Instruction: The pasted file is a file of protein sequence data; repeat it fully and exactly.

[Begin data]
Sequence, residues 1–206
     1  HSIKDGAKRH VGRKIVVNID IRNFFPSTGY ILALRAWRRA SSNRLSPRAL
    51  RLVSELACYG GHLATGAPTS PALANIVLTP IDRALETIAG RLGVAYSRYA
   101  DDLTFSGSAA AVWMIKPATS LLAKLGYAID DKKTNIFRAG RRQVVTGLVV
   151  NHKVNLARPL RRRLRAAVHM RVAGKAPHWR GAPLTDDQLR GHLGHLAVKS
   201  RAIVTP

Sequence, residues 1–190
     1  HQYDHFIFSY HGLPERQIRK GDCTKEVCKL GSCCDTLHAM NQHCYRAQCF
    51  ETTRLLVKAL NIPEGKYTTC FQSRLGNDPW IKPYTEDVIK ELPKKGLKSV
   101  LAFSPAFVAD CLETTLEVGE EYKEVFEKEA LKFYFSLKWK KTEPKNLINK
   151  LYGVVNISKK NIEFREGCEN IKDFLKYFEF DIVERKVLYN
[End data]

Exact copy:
Sequence, residues 1–206
     1  HSIKDGAKRH VGRKIVVNID IRNFFPSTGY ILALRAWRRA SSNRLSPRAL
    51  RLVSELACYG GHLATGAPTS PALANIVLTP IDRALETIAG RLGVAYSRYA
   101  DDLTFSGSAA AVWMIKPATS LLAKLGYAID DKKTNIFRAG RRQVVTGLVV
   151  NHKVNLARPL RRRLRAAVHM RVAGKAPHWR GAPLTDDQLR GHLGHLAVKS
   201  RAIVTP

Sequence, residues 1–190
     1  HQYDHFIFSY HGLPERQIRK GDCTKEVCKL GSCCDTLHAM NQHCYRAQCF
    51  ETTRLLVKAL NIPEGKYTTC FQSRLGNDPW IKPYTEDVIK ELPKKGLKSV
   101  LAFSPAFVAD CLETTLEVGE EYKEVFEKEA LKFYFSLKWK KTEPKNLINK
   151  LYGVVNISKK NIEFREGCEN IKDFLKYFEF DIVERKVLYN